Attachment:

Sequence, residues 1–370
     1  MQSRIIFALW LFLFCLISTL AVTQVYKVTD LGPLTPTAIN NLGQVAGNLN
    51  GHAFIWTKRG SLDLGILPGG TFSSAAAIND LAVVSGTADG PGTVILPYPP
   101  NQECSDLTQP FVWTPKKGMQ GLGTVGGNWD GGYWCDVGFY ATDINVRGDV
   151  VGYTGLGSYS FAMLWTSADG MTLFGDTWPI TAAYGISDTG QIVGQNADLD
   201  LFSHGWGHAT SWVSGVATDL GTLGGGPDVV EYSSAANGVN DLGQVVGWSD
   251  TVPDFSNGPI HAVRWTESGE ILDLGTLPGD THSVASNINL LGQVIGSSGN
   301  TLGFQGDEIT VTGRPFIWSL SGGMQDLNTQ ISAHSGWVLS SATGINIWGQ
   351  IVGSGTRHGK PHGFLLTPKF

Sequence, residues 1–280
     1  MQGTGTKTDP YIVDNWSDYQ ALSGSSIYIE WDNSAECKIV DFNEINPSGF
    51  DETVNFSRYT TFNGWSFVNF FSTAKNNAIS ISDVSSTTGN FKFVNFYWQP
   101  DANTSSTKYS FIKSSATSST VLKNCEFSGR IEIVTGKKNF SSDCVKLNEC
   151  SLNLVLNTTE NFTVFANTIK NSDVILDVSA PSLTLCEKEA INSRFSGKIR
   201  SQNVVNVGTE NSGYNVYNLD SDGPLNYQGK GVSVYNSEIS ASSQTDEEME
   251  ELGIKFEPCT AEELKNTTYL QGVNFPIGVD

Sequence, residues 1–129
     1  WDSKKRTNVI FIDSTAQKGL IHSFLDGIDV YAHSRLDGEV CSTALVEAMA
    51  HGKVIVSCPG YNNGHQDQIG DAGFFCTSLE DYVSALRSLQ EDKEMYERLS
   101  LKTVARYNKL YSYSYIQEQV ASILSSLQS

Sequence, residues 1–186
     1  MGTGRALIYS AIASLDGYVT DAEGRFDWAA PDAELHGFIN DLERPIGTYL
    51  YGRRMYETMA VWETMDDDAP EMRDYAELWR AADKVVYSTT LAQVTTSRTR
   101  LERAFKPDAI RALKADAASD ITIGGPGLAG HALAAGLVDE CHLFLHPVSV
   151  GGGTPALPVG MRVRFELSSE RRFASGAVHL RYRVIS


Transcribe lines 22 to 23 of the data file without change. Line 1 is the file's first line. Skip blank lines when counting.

     1  MGTGRALIYS AIASLDGYVT DAEGRFDWAA PDAELHGFIN DLERPIGTYL
    51  YGRRMYETMA VWETMDDDAP EMRDYAELWR AADKVVYSTT LAQVTTSRTR